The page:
Benny (Bennie) Fields (born: Benjamin Geisenfeld) (June 14, 1894 – August 16, 1959) was a popular singer of the early 20th century, best known as one-half of the Blossom Seeley-Benny Fields vaudeville team.
Born in Milwaukee, Wisconsin, Fields began his career in Chicago, as a singer in Al Tierney's cafe on 22nd Street. The tall young man had a gentle, easygoing way with a song, and held the listeners' rapt attention with tunes like "Melancholy Baby." Singer Blossom Seeley, touring in vaudeville, found Fields in 1921 and hired him to sing—offstage—in accompaniment to her solo numbers, Fields's voice gradually got more attention until he became a partner in the act. The couple was married in 1922-a year after he was hired by Seeley. Fields's laid-back stylings complemented Seeley's vivacious beltings beautifully, and Seeley and Fields became very successful on stage and in recordings. In the late 1920s Warner Bros. filmed their songs and comic patter for Vitaphone short subjects. On radio, Fields was heard on The Ziegfeld Follies of the Air and other shows.
Fields and Seeley were well-paid, saving and investing wisely. The couple believed they had no financial worries until the stock market crash of 1929 wiped out everything they had worked for. Vaudeville went into a steep and rapid decline at about the same time as the stock market. Fields and Seeley struggled until he launched a solo career in New York in 1933. Times were hard enough for the couple to file for bankruptcy in New York State in 1936.
After Fields became an established star in his own right, Seeley retired in 1936 to simply be Mrs. Benny Fields. He appeared occasionally in films, most notably in The Big Broadcast of 1937, but remained a New York-based performer. He filmed four songs (including two of the Big Broadcast numbers) for Soundies in 1941.
In 1936, he recorded 4 sides for Decca and in 1937, he recorded 8 sides for Variety.
Benny Fields made a surprise comeback in 1944. The low-budget PRC studio mounted its most ambitious production around Fields, and hired the imaginative Joseph H. Lewis to direct it. The finished musical, Minstrel Man, was a credit to the star, director and studio. Reviewers were delighted by Fields's naturalistic performance—one critic described him as "a talent, voice, and personality the screen's been too long without." Minstrel Man was a personal triumph for Fields, and PRC had planned to follow it up with a true-life film biography of Seeley and Fields. The story would not be told until 1952, however, in the Paramount film Somebody Loves Me (1952) with Betty Hutton and Ralph Meeker. Blossom Seeley came out of retirement during the filming of the movie.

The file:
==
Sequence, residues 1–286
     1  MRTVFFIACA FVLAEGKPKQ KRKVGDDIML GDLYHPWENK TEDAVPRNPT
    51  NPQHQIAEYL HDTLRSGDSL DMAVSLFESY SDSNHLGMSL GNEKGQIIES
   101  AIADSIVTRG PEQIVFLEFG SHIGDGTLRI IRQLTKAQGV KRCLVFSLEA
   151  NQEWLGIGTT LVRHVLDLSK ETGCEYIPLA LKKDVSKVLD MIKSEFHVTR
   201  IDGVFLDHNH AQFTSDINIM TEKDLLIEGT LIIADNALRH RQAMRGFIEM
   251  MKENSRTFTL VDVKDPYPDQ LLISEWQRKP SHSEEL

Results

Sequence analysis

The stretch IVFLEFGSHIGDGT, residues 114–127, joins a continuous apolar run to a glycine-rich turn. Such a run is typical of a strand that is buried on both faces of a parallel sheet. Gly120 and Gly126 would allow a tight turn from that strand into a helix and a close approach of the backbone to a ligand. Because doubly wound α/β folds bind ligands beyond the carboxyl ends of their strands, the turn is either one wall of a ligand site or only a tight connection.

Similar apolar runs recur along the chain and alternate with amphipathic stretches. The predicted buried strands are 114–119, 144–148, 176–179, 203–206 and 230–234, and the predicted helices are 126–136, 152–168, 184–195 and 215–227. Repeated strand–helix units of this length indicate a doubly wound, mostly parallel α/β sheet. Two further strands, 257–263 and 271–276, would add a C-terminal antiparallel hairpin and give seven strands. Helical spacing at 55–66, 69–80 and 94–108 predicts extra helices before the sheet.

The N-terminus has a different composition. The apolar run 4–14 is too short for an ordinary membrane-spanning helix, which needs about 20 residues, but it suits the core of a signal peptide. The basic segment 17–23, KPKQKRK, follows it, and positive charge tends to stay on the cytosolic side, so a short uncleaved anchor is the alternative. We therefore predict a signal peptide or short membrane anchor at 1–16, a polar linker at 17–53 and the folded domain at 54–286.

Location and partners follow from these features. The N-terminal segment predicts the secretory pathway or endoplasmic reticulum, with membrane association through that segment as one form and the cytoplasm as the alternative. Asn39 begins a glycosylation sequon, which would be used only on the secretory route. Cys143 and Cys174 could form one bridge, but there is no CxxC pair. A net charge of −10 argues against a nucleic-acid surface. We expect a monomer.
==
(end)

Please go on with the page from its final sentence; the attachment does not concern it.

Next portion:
Seeley and Fields retired from performing in public, but George Burns fondly recalled a house party he threw in the late 1950s, when he asked the team to do one of their old vaudeville numbers. Seeley and Fields were rather embarrassed, worrying that their act wouldn't interest the many teenagers in the house, but at Burns's urging they sang—and their old magic captured the hearts of the young audience. Following the release of Somebody Loves Me, they recorded three LP albums for the Decca, MGM and Mercury labels and made occasional TV appearances on The Ed Sullivan Show.
Following Fields' 1956 heart attack, the couple had few engagements; Fields' medical expenses wiped out the payments they had received from Somebody Loves Me. In 1959, Fields asked Ed Sullivan, who was arranging a floor show for the Nevada hotel and casino, the Desert Inn for a spot on the bill for himself and his wife. Sullivan agreed; the couple played at the Desert Inn, for a month, making a comeback with the engagement, which ended two weeks before Fields' death in New York City on August 16, 1959.
Famous quotes containing the word fields:
“Genius is the naturalist or geographer of the supersensible regions, and draws their map; and, by acquainting us with new fields of activity, cools our affection for the old. These are at once accepted as the reality, of which the world we have conversed with is the show.”
—Ralph Waldo Emerson (18031882)